Passchendaele director Paul Gross will helm the project from his screenplay, described as a high-octane tale in the vein of The Hurt Locker and Lone Survivor.

Gross will play a veteran intelligence officer in the story of three men whose lives intersect in the murky world of modern warfare.

The producers will unveil Hyena Road at a breakfast on Saturday (September 6) and expect to announce further casting shortly.

Rhombus Media will produce in association with Buffalo Gal Pictures and Whizbang Films.

Rhombus head Niv Fichman, whose credits include Enemy and Blindness, produces with Gross, Buffalo Gal’s Phyllis Laing, who previously made My Winnipeg, and [link=tt
See full article at ScreenDaily »

Rhombus, WTFilms team on Hyena Road

  • ScreenDaily
Exclusive: Rhombus Media, WTFilms and Canada Company are teaming up on the Afghanistan war film, set to begin shooting in Manitoba in late September before relocating to Jordan.

Paris-based WTFilms is the international sales outside Canada, where Elevation Pictures will distribute. Canada Company will handle Canadian educational rights.

Passchendaele director Paul Gross will helm the project from his screenplay, described as a high-octane tale in the vein of The Hurt Locker and Lone Survivor.

Gross will play a veteran intelligence officer in the story of three men whose lives intersect in the murky world of modern warfare.

The producers will unveil Hyena Road at a breakfast on Saturday (September 6) and expect to announce further casting shortly.

Rhombus Media will produce in association with Buffalo Gal Pictures and Whizbang Films.

Rhombus head Niv Fichman, whose credits include Enemy and Blindness, produces with Gross, Buffalo Gal’s Phyllis Laing, who previously made My Winnipeg, and [link=tt
See full article at ScreenDaily »

Trailer Premiere: An exclusive first look at Servitude

What better way to celebrate Canada's birthday than a brand new trailer for an hilarious homegrown comedy? Okay...maybe you prefer fireworks, but I'll take giggling over "Kids in the Hall" vet Dave Foley any day. Maple Pictures' Servitude stars Foley and relative newcomer Joe Dinicol (Passchendaele, Scott Pilgrim Vs. The World) in a tale of frustrated waiters at a kitschy steakhouse. After finding out they're all to be fired, they decide to take over their restaurant for one final, glorious, revenge-filled night. Cue a ton of shenanigans, hijinx and enough pointed humour to make anyone in the customer service industry jealous. Along for the ride are a ton of familiar Canuck faces from Enrico Colantoni to Margot Kidder and Aaron Ashmore.

The film is scheduled to be screened at Montreal's Just for Laughs Film Festival on July 28 but until then, check out the brand new trailer and posters after the jump!
See full article at Cineplex »

Gunless (2010)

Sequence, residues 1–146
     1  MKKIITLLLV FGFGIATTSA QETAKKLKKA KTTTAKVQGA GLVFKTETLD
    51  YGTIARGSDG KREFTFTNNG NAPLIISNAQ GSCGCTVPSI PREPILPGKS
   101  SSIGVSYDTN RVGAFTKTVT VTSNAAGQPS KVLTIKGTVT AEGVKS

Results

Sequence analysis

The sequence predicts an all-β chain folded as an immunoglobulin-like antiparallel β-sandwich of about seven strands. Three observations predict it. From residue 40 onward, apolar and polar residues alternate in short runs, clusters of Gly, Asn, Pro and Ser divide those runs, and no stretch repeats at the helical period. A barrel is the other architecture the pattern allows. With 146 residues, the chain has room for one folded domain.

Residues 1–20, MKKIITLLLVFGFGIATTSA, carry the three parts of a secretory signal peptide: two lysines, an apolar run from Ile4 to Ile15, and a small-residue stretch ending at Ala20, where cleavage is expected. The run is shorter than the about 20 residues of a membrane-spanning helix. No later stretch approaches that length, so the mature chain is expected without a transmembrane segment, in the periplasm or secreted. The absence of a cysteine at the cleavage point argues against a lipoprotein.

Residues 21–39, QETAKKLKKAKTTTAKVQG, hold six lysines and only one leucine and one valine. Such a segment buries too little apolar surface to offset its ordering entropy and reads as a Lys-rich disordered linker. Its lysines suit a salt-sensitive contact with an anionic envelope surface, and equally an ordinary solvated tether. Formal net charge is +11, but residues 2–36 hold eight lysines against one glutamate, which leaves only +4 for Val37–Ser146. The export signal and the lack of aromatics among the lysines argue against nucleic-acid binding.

After the war drama Passchendaele, Paul Gross comes up with another populist blockbuster. While some may find Gunless funny, Paul Gross's latest action film is also a little bit mindless. That's too bad, because Canada's own conquest of the West is replete with interesting stories to tell.

So, "once upon a time... in the North", a severely wounded American gunslinger rides into a small Canadian frontier town after he had been involved in a confrontation. Before he can leave the town, the Montana Kid (Paul Gross) must wait for the local Chinese seamstress to fix his clothes. In the meantime, he borrows some Chinese clothes. As for the local blacksmith (Tyler Mane), after he had taken care of the Kid's horse, he called the Kid a "common". Provoked, the Montana Kid defies the blacksmith into a duel.

Unfortunately, the only gun available in the town belongs to Jane Taylor
See full article at The Cultural Post »

Landon Liboiron talks Degrassi, Altitude, and The Howling restart

Landon Laboiron.s career is the kind any aspiring actor would want. At nineteen, the Canadian farmboy is a veteran of two successful TV series, Wild Roses and the Degrassi: The Next Generation. He appears in Paul Gross. World War One epic Passchendaele and will be seen next in the Kat Dennings / Josh Lucas festival hit Daydream Nation. And he.s about to take on a very famous horror franchise. But Laborion.s fans can catch him now on DVD in another horror thriller called Altitude in which he and some friends rent a small aircraft for a weekend getaway. Things go from bad to worse as a faulty screw and an unknown evil force threaten to make
See full article at Monsters and Critics »

female gazing at: Paul Gross

Do they make ’em all so amazing up in Canada? Cuz if there’s more like Paul Gross up north, I’m on my way... That one above is from H20. This one below is from Passchendaele. I’ll review both eventually. Gunless, just out on DVD in Canada, is a hoot. I’ll get a review of that up soon, too: Too bad Eastwick didn’t last -- it was worth gazing at just for Gross:
See full article at FlickFilosopher »